The release of 46 Brown-headed Nuthatches, translocated from Arkansas to restored pine woodlands in Missouri's Mark Twain National Forest in August and September 2020, marked this species' return to the state. The brown-capped songbird had been absent since the early 1900s, following widespread habitat loss.
“I really think that a big take-home from all of this, and something we can all be proud of, is how well science, management, and conservation of species came together in this effort,” says Jane Fitzgerald, ABC's Central Hardwoods Joint Venture (CHJV) Coordinator. “Most of the people who, decades ago, imagined all of this happening are now retired, but a new cadre of folks saw, and see, the vision and are moving the ball forward. In the Interior Highlands, we really are a conservation community, and I hope that continues for decades to come.”
During pre-colonial times, 6.6 million acres of Shortleaf Pine and pine-oak woodland covered Missouri's Ozark Mountains. After settlement and development, which included widespread logging and fire suppression, these ecosystems were reduced to approximately 600,000 acres. The dramatic reduction in habitat led to the extirpation — or regional disappearance — of some bird species tied these open pinelands, including the Red-cockaded Woodpecker and Brown-headed Nuthatch.
The nuthatch release was only possible after successful habitat restoration, which required years of hard work and patience. Although the Mark Twain National Forest had been actively restoring 12,000 acres of pine woodland on the Eleven Point Ranger District by 2006, the work was greatly accelerated when the forest was awarded significant funding through the Collaborative Forest Landscape Restoration Program (CFLRP). The CFLRP, administered by the U.S. Forest Service, is intended to encourage collaborative, science-based ecosystem restoration of priority forest landscapes on and around national forest lands across the United States.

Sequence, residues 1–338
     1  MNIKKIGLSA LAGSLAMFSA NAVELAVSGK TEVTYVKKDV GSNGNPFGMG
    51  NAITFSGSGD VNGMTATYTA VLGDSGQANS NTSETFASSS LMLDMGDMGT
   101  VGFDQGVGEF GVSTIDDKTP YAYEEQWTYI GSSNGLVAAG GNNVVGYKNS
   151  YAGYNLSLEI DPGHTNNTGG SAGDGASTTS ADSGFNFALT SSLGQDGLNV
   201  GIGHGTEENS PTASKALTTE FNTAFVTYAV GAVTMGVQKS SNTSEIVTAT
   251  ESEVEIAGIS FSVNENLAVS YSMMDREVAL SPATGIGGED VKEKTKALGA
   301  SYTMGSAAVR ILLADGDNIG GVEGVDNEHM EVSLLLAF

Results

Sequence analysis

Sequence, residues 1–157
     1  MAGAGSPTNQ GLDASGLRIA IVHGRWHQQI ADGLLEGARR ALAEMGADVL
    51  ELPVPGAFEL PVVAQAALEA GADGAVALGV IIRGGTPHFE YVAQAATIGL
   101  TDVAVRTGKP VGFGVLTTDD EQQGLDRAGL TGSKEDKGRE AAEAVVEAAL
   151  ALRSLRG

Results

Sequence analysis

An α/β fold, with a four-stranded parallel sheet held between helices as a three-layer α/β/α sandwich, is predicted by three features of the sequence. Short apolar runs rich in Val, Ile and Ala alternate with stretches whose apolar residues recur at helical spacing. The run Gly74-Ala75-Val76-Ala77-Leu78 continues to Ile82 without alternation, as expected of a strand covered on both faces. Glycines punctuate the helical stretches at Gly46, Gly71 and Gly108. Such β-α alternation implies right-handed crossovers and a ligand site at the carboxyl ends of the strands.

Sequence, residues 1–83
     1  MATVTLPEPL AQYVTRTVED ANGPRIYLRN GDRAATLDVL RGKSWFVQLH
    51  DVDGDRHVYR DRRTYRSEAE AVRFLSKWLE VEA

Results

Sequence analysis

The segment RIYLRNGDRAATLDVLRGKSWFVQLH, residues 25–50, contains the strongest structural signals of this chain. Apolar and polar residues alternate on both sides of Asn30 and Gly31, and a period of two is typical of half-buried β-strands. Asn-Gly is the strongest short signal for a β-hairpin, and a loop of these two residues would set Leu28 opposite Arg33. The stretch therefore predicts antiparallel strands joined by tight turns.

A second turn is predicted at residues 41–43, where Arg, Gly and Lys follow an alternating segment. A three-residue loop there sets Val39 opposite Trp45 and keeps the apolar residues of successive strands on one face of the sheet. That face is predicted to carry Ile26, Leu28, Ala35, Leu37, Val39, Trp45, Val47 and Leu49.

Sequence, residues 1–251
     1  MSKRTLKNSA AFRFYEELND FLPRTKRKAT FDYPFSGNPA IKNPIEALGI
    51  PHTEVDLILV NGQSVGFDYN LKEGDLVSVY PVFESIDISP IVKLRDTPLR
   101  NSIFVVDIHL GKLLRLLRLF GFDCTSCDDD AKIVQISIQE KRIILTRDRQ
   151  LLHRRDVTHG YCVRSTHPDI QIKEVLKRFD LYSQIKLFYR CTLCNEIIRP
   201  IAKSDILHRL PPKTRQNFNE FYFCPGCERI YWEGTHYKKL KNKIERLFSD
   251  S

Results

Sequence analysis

To help build this collaboration, ABC and the CHJV brought together key partners, including federal, state, and nongovernmental organizations and agencies that formally agreed to work together to restore pine woods in the same large landscape, called the Current River Hills. Ten years of dedicated funding was awarded to the Mark Twain National Forest in 2012, and now roughly 100,000 acres of Shortleaf Pine and pine-oak woodland has been, or is being, restored. It was this habitat restoration work that was vital to establishing the area as a place to bring back Brown-headed Nuthatches.
Shortly after the restoration work in Missouri began picking up, a team of researchers from the U.S.D.A. Forest Service's Northern Research Station and the University of Missouri pooled resources to investigate various aspects of the bird's biology, quantifying the Brown-headed Nuthatch's preferred habitat conditions in Arkansas; showing how the Missouri restoration efforts benefited other songbirds while confirming the nuthatch's continued absence; building habitat models; and assessing the habitat structure at the Mark Twain restoration sites.
In addition, the Missouri Department of Conservation's (MDC's) state ornithologist and a wildlife biologist at U.S.D.A. Forest Service's Northern Research Station worked with ecologists from Tall Timbers Research Station in Florida who had experience with Brown-headed Nuthatch translocations. With this input, they developed methods needed to safely capture the birds in Arkansas, then safely transport them to Missouri.
Because the nuthatches were released on public land, anyone can see these birds. Mark Twain National Forest visitors can help monitor the nuthatches' presence and movements by submitting their observations to the eBird database (www.ebird.org).
Media Contact: Jordan Rutter, Director of Public Relations, 202-888-7472 | email@example.com | @JERutter
Expert Contact: Jane Fitzgerald, Central Hardwoods Joint Venture Coordinator | firstname.lastname@example.org
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